All models are available individually or in flights of four with bases. The arrival of the PacFed also allows us to create a starter pack pitting them against the Indonesians – this pack contains four of each available model for both sides, a total of sixteen fighters, plus the latest rulebook on CD in PDF format.

SCR-005 – PacFed-Indonesian Starter Pack – £30.00

SCR-601 – Petrel Multi-role Fighter – £2.50
SCR-602 – Hamerkop Heavy Interceptor – £2.50
SCR-701 – Sea Wasp Attack Fighter – £2.50
SCR-702 – Weta Light Interceptor – £2.25

Decal Update

We’ve just had a resupply of Hammer’s Slammer decals, filling in some of the codes we were short of. It now means we have full stocks of (amongst others) Zaporiskiye, Thunderbolt Division and West Riding Yeomanry, plus some of the myriad variants of the Slammers own codes that we were missing.

HSDEC-002c – Slammers Sheet C35
HSDEC-004b – Slammers Sheet E15
HSDEC-006a – Slammers Sheet G12
HSDEC-006b – Slammers Sheet G15
HSDEC-007c – Slammers Sheet H35
HSDEC-022 – West Riding Yeomanry Sheet 2
HSDEC-121 – Zaporoskiye Sheet 1
HSDEC-171 – Thunderbolt Division Sheet 1
HSDEC-172 – Thunderbolt Division Sheet 2

Ostfront

I promised something while I was away, so here we are (if you’re getting a sense of deja vu, these were previewed last weekend before Jo6). We’ve had a number of requests for Eastern Front buildings for WW2 games, so we have a new Russian Village pack of buildings. This contains 19 small houses, mostly single storey affairs and some of which are barely bigger than large huts. It also has a small wooden village chapel to round out the pack.

To accompany the village we have a Russian Orthodox church, a magnificent affair with a large central dome and four small corner towers.

The village buildings are metal castings, and because of their diminutive size we’ve cast them on sprues to make handling easier. The church is a single piece resin casting.

SSS-8113 – Russian Village – £4.00
SSS-8114 – Russian Orthodox Church – £2.00

Holiday Time Again

I returned home from Sheffield where I’d been attending the Joy of Six last night, and after a brief night’s sleep, the Brigadieress and I were up and off to Dover to catch a ferry to France. By the time this is published we’ll probably be mid-channel, on our way to deepest Normandy for a week’s R&R. Although in theory the cottage has wi-fi and I will be able to read messages/emails, don’t expect any speedy turnaround on queries this week.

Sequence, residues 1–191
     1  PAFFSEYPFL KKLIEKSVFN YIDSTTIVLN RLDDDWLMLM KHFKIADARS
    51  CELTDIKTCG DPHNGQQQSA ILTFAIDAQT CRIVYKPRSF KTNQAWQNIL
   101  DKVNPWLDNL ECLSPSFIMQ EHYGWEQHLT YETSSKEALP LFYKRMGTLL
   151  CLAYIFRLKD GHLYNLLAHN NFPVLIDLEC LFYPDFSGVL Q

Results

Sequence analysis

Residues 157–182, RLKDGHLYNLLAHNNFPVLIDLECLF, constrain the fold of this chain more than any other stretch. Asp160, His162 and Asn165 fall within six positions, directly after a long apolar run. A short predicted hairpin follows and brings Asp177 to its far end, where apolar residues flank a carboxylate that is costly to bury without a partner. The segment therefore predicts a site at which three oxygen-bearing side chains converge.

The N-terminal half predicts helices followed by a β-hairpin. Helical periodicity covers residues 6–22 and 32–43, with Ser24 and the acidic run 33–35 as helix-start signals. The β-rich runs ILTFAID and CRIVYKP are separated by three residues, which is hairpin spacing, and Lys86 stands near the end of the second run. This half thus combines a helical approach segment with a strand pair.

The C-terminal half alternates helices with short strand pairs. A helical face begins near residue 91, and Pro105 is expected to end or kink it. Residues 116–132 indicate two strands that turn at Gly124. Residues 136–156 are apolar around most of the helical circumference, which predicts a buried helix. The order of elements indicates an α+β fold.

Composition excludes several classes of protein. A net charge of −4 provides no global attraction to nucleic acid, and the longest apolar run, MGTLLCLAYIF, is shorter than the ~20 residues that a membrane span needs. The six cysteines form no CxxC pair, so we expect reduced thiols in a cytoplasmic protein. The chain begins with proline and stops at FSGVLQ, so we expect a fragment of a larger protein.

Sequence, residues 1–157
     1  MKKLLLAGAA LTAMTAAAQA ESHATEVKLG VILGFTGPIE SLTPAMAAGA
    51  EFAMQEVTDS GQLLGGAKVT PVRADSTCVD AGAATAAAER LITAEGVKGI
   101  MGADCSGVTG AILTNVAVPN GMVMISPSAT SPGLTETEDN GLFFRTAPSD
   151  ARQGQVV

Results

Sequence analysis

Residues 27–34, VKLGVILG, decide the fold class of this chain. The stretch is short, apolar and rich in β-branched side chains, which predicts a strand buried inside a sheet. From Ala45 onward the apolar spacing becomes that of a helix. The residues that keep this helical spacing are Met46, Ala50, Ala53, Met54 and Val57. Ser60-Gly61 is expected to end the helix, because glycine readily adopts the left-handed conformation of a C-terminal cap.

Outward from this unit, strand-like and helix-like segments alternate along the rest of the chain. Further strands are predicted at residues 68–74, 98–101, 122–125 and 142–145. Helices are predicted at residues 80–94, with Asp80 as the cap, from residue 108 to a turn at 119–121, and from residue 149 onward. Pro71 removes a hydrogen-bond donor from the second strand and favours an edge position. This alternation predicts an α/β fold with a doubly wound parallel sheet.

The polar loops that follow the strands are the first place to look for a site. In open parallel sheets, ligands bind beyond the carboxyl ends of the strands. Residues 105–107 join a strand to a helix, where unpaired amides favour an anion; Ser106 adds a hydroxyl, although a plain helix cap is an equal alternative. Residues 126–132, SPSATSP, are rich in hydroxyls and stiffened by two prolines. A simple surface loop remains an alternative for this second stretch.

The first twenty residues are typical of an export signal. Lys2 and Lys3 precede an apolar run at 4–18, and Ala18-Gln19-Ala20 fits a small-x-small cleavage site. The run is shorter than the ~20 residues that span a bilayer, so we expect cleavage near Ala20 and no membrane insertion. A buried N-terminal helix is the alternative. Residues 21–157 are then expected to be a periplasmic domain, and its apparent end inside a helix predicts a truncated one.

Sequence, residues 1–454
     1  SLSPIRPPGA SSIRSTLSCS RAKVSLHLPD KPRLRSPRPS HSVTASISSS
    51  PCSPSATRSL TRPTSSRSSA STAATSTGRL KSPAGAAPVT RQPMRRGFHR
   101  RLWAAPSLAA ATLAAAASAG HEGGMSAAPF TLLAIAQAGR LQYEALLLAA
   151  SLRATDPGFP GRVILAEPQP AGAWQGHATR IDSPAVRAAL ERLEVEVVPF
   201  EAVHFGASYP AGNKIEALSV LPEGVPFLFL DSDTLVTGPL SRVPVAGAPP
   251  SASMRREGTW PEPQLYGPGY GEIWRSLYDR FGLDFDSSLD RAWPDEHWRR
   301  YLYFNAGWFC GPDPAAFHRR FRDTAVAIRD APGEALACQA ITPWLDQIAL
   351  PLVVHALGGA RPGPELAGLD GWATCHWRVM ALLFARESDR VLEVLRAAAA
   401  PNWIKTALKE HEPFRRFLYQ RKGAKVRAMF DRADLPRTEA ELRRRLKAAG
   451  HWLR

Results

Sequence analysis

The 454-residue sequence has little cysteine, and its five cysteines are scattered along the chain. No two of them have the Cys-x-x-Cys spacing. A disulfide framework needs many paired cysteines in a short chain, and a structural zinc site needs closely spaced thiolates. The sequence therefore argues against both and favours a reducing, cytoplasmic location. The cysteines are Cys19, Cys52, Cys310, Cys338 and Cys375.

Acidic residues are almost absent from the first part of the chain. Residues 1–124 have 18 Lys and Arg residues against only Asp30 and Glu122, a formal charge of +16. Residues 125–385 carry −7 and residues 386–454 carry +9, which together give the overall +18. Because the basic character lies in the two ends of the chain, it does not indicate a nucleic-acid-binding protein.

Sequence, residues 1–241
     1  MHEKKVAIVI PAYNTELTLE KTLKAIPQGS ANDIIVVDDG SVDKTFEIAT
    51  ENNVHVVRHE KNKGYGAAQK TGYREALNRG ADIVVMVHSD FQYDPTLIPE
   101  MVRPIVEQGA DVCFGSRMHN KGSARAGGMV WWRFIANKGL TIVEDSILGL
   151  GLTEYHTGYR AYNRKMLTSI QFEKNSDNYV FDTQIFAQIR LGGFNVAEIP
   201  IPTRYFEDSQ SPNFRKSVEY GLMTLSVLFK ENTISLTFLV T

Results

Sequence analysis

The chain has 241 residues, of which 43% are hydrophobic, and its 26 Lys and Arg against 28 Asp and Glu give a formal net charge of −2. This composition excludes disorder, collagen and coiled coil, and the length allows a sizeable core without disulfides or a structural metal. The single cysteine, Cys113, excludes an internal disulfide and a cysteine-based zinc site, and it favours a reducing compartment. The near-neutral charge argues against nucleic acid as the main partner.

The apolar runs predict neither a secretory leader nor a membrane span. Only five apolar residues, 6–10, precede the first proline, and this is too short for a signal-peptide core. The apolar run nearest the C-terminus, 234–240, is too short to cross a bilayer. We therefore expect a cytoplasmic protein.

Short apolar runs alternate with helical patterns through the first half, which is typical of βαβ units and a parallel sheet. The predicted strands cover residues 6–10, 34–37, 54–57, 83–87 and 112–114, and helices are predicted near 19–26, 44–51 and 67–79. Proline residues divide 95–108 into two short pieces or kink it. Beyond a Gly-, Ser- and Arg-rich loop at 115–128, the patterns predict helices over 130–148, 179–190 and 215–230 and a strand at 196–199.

Obviously that means any orders will be delayed until I return – I am up-to-date to last Thursday, but anything that’s arrived since will not be dealt with until I get back to work on Tuesday 24th at the earliest (and the likelihood is that there will be a backlog that will probably take the week to clear) – so apologies if you were one of the minor deluge of orders that arrived over the weekend, but I’m afraid it’ll be next week before I can get to those.

As a bit of fun, I’ve left you with something new and appropriate – here’s a version of the flag of Normandy (this is the Nordic Cross variant apparently known as Flag of St Olaf) – now available from the website.

VANF-402 – Normandy Nordic Cross – £0.50

Jo6 Preview #4 – Ostfront

As well as our 6mm ranges, we also take the Small Scale Scenery range to Joy of Six. It’s used by some 6mm gamers who prefer their scenery to be nearer to ground scale than figure scale, and we’ve seen it done very effectively.

After the burst of 6mm items we’ve been previewing recently, we have some new in this range as well. After several requests, we have a village pack of 20 Eastern Front buildings, mostly single-storey wooden structures, along with a rather magnificent resin Russian Orthodox Church.

They will be on the website very shortly, so if you would like some and can’t make the show then you don’t have long to wait.

SSS-8113 – Russian Village – £3.33
SSS-8114 – Russian Orthodox Church – £1.25